Gloria Levitas

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Last Updated on May 6, 2015, by eNotes Editorial. Word Count: 842

["The Golden Bees of Tulami"] teeters—sometimes precariously—between imagination and reality. Bonham's didacticism seems more obvious in this book than in his previous stories of the Dogtown ghetto, and his ironic humor here serves less as commentary than background…. Bonham hopefully suggests that myths can help to nourish, even if they...

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["The Golden Bees of Tulami"] teeters—sometimes precariously—between imagination and reality. Bonham's didacticism seems more obvious in this book than in his previous stories of the Dogtown ghetto, and his ironic humor here serves less as commentary than background…. Bonham hopefully suggests that myths can help to nourish, even if they cannot ensure, a happy and more human future. (p. 10)

Gloria Levitas, in The New York Times Book Review (© 1974 by The New York Times Company; reprinted by permission), November 10, 1974.

The shallow plot of Mystery in Little Tokyo traces the disappearance and recovery of a trunkful of old samurai swords by Danny and Carol Nomura, who are staying with their grandparents in Los Angeles' "Little Tokyo" community.

Visions of inscrutable, strange and mysterious "Orientals" haunt the story, taking such forms as the unscrupulous, "shifty eyed" Mr. Kaji…. In one scene, Mr. Kaji threatens to kill himself rather than lose face, in keeping with the romanticized stereotype of Japanese as super-proud people.

Central to the plot is a foolish and longstanding feud between the dogmatic and spiteful Grandpa Nomura and his neighbor, the "stubborn" Mr. Shinoda, over a prized samurai sword which they both covet. Both characters are merchants…. An offensively negative image of the Japanese American community as a tourist trap for shoppers is presented through the character of a Japanese American policeman, one of whose main jobs is to keep order in "Little Tokyo" so that the merchants won't "be ruined" by people who "would be afraid to shop here."

Grandma Nomura is a clucking, apologetic woman who cooks her way through the story (in one scene she is criticized for not getting the breakfast waffles to the table fast enough)….

Despite some effort on the author's part to examine life in a Japanese American community, the book remains essentially a superficial and exploitative venture. (p. 18)

Interracial Books for Children Bulletin (reprinted by permission of Interracial Books for Children Bulletin, 1841 Broadway, New York, N.Y. 10023), Vol. 7, Nos. 2 & 3, 1976.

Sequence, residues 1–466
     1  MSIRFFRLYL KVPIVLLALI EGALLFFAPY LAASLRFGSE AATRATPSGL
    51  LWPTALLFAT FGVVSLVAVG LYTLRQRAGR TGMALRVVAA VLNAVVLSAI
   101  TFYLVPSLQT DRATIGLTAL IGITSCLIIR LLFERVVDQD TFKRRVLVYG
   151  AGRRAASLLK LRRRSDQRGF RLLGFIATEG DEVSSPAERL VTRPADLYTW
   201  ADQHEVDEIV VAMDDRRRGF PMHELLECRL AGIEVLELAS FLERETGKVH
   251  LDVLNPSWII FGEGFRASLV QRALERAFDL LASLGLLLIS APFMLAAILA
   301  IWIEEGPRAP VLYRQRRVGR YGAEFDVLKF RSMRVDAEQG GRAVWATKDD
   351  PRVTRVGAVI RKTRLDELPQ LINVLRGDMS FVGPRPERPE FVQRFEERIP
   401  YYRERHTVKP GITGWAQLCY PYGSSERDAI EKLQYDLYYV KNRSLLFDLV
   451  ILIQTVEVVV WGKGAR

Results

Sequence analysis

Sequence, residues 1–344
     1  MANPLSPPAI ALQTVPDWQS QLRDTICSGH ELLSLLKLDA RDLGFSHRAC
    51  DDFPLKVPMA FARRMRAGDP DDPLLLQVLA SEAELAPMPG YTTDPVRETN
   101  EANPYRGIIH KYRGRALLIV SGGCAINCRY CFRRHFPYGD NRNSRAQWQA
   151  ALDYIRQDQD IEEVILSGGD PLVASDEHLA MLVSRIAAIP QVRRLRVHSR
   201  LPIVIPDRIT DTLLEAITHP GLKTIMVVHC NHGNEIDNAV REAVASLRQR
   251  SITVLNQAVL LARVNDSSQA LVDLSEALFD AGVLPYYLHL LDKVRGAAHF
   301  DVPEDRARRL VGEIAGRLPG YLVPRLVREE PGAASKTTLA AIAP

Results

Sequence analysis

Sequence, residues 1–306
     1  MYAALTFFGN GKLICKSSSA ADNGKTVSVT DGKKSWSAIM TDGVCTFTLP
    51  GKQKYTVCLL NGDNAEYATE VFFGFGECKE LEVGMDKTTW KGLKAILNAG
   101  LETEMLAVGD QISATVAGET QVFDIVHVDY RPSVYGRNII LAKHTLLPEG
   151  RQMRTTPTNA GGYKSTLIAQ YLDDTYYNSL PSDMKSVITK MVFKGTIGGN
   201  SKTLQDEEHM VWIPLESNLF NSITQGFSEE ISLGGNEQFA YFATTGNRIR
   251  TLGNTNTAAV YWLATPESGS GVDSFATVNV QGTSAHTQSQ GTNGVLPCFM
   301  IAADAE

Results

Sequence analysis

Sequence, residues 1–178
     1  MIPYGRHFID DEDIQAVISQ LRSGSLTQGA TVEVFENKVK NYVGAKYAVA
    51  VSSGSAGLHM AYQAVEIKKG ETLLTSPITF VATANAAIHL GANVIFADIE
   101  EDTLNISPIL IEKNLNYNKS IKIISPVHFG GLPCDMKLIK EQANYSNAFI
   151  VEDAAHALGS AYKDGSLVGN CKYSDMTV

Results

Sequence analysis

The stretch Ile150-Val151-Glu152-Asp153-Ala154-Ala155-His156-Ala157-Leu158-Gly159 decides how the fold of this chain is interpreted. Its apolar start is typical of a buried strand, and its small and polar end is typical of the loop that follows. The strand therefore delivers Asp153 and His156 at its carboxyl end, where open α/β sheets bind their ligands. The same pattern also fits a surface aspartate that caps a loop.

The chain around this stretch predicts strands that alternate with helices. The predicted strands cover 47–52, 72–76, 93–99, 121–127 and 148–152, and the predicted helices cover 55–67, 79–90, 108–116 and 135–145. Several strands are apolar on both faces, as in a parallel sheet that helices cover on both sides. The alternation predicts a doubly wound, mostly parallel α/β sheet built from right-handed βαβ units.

[Burma Rifles: A Story of Merrill's Marauders] describes the heroic service of Nisei men as combat interpreters for "Merrill's Marauders" in Burma during World War II. Based on fact, the story is a readable and interesting "war adventure."… However, its adventurous tone detracts from the author's attempt to show that the Nisei were expected to be 200 per cent Americans despite the racist violence committed against them.

The fault is not only one of omission, but of emphasis. The author's description of white American attitudes toward the Nisei during the months following Pearl Harbor, and prior to the internment of West Coast Japanese Americans, is good but does not reveal the depth of white hostility. Mr. Bonham leads readers to believe that abuse of Japanese American property was the fullest extent of that hostility when, in fact, the Nisei feared for their lives. The cruel herding of the Nisei into wartime assembly centers is not cited except to say that they were limited to "one suitcase each" and were picked up by trucks (in reality, they were often transported like cattle). No mention is made of the machine gun-toting guards or of the barbed wire that surrounded the camps. In the absence of such references, readers may not grasp the irony of a situation in which young Nisei had to demonstrate loyalty and heroism in service to a country which had confined them and their families in concentration camps as "traitors."…

Mr. Bonham admires the Nisei but, like many white "friends" of Japanese Americans, he seems to believe that his good will allows him latitude. One seriously questions how well the author understands the real reason the Nisei soldiers fought to prove their loyalty to this country—that despite being considered "Japs," they struggled against prejudice and suspicion to be regarded as "Americans."… (p. 20)

Interracial Books for Children Bulletin (reprinted by permission of Interracial Books for Children Bulletin, 1841 Broadway, New York, N. Y. 10023), Vol. 7, Nos. 2 & 3, 1976.

The oxygen-and vitamin-starved environment of San Diego some years in the future [in The Missing Persons League] makes [twentieth-century] Dogtown look like paradise…. [Brian Foster's] trouble begins when he determines to track down his mother and sister, who disappeared a year before in an apparently patternless epidemic of missing persons. The response to his ad in the Personals column of the local newspaper includes visits from the Environmental Police, who leave a bugging device in the kitchen; a letter, apparently from Charles Dickens, which directs him to an antimatter planet called Arret; and the friendly interest of Heather Morse. Heather herself is brainwashed by someone who calls every night with instructions cued in by strains of a Brahms lullaby, and she puts Brian in touch with his own "conductor", the yellow-coveralled Gumball King…. Oddly, only the utopian dream held out by the ending seems like science fiction; Brian's stainless steel wrapped, quick frozen reality is chillingly convincing, and this time round the hypnotically slick gimmicks that turn Bonham's plot into a minefield are part and parcel of the message. (p. 909)

Kirkus Reviews (copyright © 1976 The Kirkus Service, Inc.), August 15, 1976.

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